Last Updated: 11/16/06
Robert Gates Nomination


Political and Military Choices Facing White House; Rising Pressure Among Democrats for Iraq Withdrawal; Iraq Strategy

Aired November 13, 2006 - 18:00 ET

DOBBS: On the eve of what many hope will be a new political era in Washington, old charges are rising and flying. Political manipulation of intelligence during the Cold War. Those, the allegations being made against Bob Gates, President Bush's nominee to replace Rumsfeld as defense secretary. Jeanne Meserve reports.


JEANNE MESERVE, CNN HOMELAND SECURITY CORRESPONDENT (voice-over): With flawed intelligence on Iraq still a raw nerve, old questions about whether Bob Gates has skewed intelligence for political purposes may be creating new problems. SEN. CARL LEVIN (D), MICHIGAN: For me, the important thing with Mr. Gates is whether or not he is independent, whether or not he is going to speak truth to power.

MESERVE: Accusations that Gates slanted intelligence date back to the 1980s. On Mikhail Gorbachev's Soviet Union and Nicaragua's Contra rebels, some accuse Gates of distorting analysis to support the policy goals of those he worked for, including then CIA Director William Casey.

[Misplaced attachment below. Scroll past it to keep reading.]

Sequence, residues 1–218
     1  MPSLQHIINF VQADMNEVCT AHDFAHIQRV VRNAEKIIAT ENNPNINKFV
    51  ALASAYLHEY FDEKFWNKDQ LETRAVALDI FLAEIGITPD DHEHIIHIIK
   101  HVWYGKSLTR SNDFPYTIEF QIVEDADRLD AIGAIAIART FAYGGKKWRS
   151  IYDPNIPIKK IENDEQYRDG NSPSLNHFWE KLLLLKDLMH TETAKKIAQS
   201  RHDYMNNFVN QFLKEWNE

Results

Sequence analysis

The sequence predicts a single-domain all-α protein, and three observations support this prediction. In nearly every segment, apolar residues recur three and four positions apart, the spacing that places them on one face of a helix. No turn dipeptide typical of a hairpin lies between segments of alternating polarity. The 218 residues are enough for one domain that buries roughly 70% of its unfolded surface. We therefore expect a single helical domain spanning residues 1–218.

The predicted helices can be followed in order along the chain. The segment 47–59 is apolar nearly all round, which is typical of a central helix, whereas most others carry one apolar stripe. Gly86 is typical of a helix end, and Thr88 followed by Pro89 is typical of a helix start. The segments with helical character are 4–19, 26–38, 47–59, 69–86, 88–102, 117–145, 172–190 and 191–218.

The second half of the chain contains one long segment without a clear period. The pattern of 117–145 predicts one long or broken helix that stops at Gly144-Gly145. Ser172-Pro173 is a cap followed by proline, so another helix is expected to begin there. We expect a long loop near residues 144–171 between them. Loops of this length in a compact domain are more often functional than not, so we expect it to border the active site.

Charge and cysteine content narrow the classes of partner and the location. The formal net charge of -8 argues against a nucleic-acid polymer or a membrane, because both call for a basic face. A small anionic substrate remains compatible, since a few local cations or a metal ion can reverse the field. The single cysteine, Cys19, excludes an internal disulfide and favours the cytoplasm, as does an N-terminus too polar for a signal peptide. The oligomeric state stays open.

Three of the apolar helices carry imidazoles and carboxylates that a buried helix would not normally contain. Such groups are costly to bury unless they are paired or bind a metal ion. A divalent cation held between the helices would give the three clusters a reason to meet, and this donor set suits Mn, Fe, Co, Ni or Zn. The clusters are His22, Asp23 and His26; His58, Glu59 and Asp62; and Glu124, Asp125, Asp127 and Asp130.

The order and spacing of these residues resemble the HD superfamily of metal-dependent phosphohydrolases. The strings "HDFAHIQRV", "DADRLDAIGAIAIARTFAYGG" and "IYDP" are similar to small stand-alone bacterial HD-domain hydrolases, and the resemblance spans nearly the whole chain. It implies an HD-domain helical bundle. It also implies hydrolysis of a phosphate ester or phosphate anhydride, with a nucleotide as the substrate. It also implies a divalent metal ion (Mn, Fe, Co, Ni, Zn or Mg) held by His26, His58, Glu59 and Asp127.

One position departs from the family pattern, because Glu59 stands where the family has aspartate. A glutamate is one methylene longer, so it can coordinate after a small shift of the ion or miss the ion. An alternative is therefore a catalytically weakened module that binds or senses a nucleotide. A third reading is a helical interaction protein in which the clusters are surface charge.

After an assassination attempt made on Pope John Paul II, for example, a CIA study said the Soviets were involved. But there was never proof.

MELVIN GOODMAN, FORMER CIA SOVIET ANALYST: It was politicization. It was corrupt intelligence. It was total spin.

MESERVE: Critics went public in 1991, when Gates was nominated to be CIA director.

JENNIFER GLAUDEMANS, FORMER CIA SOVIET ANALYST: Mr. Gates politicized intelligence analysis and is responsible for an overall degradation of the analytical process.

MESERVE: Gates rebutted, saying his honest assessments were why the first President Bush nominated him.

GATES: And I think one of the reasons he appointed me to this job was that he knows I'm going to tell him exactly what I think and exactly what CIA thinks, and not shade it.

MESERVE: Though 31 senators voted against Gates, he was confirmed.

JOHN MCLAUGHLIN, CNN NATIONAL SECURITY ADVISER: He took very much to heart the perception, whether real or not, the perception that he was slanting intelligence, and, in his performance as its director, was meticulous in ensuring that he did not do so.

MESERVE: McLaughlin says he never saw Gates skew intelligence. But Melvin Goodman believes Gates is still what he calls a political wind sock, adjusting his views to the political winds.

GOODMAN: Will he tell truth to power? He never has before. Will he do it now? Well, look, I don't know. I'm inclined to think that he can't, and that he certainly won't.

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